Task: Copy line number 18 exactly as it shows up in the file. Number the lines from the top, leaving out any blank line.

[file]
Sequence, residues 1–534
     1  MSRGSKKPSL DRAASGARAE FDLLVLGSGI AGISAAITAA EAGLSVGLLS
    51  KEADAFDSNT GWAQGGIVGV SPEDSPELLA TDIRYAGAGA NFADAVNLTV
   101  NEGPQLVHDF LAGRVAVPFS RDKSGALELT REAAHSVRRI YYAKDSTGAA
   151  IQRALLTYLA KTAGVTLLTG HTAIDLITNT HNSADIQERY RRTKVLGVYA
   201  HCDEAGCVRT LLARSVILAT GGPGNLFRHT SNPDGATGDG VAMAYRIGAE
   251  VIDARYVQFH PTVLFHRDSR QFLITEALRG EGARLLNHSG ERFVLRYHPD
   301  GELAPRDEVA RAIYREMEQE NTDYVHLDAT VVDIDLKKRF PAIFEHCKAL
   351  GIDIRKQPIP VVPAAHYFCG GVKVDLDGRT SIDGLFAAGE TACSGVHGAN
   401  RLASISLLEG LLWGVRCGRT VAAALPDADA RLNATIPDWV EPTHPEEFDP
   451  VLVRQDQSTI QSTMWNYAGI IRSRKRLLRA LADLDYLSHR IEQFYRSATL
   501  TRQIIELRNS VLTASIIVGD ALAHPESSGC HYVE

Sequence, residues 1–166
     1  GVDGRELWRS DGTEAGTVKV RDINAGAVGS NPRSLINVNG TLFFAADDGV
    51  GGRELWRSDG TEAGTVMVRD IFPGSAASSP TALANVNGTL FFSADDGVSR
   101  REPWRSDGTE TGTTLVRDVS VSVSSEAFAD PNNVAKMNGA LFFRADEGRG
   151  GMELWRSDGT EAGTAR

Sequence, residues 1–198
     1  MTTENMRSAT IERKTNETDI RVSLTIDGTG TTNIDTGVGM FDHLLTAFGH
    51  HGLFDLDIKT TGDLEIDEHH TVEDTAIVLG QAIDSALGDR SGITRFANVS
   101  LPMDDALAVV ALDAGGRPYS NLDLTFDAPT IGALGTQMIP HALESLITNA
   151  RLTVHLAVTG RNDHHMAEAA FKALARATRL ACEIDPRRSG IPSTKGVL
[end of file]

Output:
Sequence, residues 1–198